Gary Waite

Gary Waite is a prolific, internationally known scholar and author/editor of seven books and over fifty scholarly articles and chapters. He began his research in the Protestant Reformation, and especially its radical variants (Anabaptism and spiritualism), and his subsequent research projects have revealed the interconnectedness of fields typically studied in isolation. He has published not only in the history of religion and religious reform, but also in Dutch literature and drama, demonology, magic and witchcraft, and on Jews and Muslims in the early modern world. Building on his award winning dissertation and then monograph on the Anabaptist career of the Dutch artist and lay religious leader David Joris (c.1501-1556), Waite remains the acknowledged international expert on this controversial individual. Waite has since become interested in Joris’s later spiritualistic career and the reception of his controversial ideas, such as his depreciation of institutional religion or of a literal devil. Branching out from this work, Waite in 1988 embarked on his first SSHRC supported research on the Chambers of Rhetoric, the Netherlands’ influential amateur literary and drama societies, especially in how they adapted and then propagated reform ideas during the first half of the 16th century. Requiring broad reading in the field of drama studies, extensive archival research and the analysis of over 50 early-modern Dutch scripts, Reformers on Stage was the first English-language monograph on these influential dramatists which one reviewer, the specialist Peter Arnade, noted “does double duty as a valuable synthesis and fresh interpretation” that is “of exceptional value to Low Country historians, historians of the urban Reformation, and scholars of popular culture and theatre studies” (Sixteenth Century Journal 33 [2002], 919-20). Waite has subsequently published two chapters elaborating on specific themes from this research, the more recent, “Rhetoricians and Religious Compromise during the Early Reformation (c.1520-1555),” (in Urban Theatre in the Low Countries, 1400-1625, eds. Peter Happé and Elsa Strietman, 2006, 79-102), emphasized the confluence of spiritualistic ideas and urbanites’ desires for prosperity and peace in the unusual drama of the Rhetoricians.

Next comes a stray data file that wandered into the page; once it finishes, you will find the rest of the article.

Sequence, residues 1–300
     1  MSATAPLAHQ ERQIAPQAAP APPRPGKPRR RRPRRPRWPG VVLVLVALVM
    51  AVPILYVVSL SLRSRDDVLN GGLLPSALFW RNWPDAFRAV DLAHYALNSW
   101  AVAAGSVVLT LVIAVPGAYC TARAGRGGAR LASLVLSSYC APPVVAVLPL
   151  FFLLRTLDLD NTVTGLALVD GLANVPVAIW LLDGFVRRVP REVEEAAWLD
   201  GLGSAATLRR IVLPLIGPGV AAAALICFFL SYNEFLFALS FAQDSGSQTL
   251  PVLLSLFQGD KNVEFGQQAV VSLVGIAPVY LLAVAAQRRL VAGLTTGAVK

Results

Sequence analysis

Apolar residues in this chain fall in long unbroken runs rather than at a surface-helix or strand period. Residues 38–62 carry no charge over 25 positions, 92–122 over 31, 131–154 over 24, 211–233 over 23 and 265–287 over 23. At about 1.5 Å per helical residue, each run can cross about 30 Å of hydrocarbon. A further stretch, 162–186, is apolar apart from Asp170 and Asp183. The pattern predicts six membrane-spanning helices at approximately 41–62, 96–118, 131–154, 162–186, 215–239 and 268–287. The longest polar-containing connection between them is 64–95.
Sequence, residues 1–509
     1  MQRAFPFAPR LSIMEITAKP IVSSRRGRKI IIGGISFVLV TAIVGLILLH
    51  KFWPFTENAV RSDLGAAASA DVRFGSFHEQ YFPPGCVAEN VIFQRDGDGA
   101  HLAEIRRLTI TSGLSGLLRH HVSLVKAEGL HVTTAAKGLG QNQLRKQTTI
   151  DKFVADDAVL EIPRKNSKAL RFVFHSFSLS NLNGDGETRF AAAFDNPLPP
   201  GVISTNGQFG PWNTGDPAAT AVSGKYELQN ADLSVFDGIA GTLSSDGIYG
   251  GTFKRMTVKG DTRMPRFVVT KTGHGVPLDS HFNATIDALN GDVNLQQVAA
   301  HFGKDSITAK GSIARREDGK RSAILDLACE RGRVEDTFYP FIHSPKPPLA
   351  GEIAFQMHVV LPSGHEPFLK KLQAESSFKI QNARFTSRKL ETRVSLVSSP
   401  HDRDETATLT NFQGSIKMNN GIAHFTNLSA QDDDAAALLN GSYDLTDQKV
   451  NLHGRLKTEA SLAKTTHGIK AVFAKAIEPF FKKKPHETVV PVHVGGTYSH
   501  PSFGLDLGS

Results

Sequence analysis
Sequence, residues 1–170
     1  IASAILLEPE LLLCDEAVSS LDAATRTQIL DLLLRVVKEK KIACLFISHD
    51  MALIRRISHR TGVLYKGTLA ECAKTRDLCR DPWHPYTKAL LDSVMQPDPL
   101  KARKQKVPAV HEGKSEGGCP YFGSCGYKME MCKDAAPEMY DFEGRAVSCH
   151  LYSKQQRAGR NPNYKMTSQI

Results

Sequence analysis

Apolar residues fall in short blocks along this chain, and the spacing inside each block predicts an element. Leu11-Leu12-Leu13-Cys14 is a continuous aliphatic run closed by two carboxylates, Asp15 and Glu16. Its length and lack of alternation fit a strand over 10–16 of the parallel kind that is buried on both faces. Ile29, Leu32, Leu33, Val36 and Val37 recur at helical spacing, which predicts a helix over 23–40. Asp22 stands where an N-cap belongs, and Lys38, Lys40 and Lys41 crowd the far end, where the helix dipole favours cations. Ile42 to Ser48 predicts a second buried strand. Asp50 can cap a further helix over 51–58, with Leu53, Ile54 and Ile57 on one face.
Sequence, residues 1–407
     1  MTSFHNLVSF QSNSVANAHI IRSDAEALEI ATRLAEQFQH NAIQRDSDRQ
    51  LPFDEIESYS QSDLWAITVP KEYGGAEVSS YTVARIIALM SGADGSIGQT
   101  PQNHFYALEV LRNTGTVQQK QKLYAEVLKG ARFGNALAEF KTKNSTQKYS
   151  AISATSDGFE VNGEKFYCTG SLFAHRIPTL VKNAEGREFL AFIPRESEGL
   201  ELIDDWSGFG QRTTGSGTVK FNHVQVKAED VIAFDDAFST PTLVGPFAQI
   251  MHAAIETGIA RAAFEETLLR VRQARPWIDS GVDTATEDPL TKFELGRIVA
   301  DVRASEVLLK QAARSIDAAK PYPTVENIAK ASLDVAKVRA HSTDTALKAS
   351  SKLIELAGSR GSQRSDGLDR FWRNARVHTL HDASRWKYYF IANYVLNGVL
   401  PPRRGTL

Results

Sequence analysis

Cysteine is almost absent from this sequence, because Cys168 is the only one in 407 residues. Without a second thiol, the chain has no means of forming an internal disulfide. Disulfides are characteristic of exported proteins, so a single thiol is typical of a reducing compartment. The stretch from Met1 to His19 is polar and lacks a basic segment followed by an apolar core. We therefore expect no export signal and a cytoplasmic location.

Waite’s subsequent research program (SSHRC, 1993-96) successfully brought together the fields of the Reformation and the witch hunts. With two books and no fewer than fourteen scholarly articles and chapters, Waite is now the acknowledged expert on this subject. Situated at the intersection of popular and learned elite cultures, Waite’s Eradicating the Devil’s Minions (2007/09) compares the persecution of 16th-century Anabaptist heretics with that of witches in early modern Europe. Demonizing propaganda against and persecution of real Anabaptists fed fears of other imagined diabolical conspiracies, although Waite explains why the Dutch Republic was an anomaly due to its unique policy regarding religious conformity. In subsequent publications (most recently his “Sixteenth Century Religious Reform and the Witch-Hunts,” in The Oxford Handbook of Witchcraft in Early Modern Europe and Colonial America, ed. Brian Levack, 2013), Waite has explained the puzzle of the gender difference between the two sets of accused, as most arrested Anabaptists were men while witches were predominately women. With this project Waite extended his chronological expertise well into the 17th century on the subjects of demonology, magic and witchcraft, and he is well able to conduct the research on the reception of spiritualistic demonology that is part of this research program.

In 2006 Waite embarked upon his third SSHRC funded project on “The Religious Other in Seventeenth-Century Europe” exploring vernacular publications and governmental records by Flemish, Dutch and English writers relating to Jews and Muslims in the 17th century. He has completed this research, presented nine papers and published seven referred articles/chapters, and aims to finish the monograph during his sabbatical in 2014-2015. In this study Waite discerns important differences in tone and content among the three regions, revealing that the distinctiveness of the Dutch related to their rejection of enforced religious conformity within their borders that then affected how they regarded non-Christians, and this, he argues, was related to the confluence of artisanal and merchant priorities, urban culture and spiritualistic currents flowing through the realm.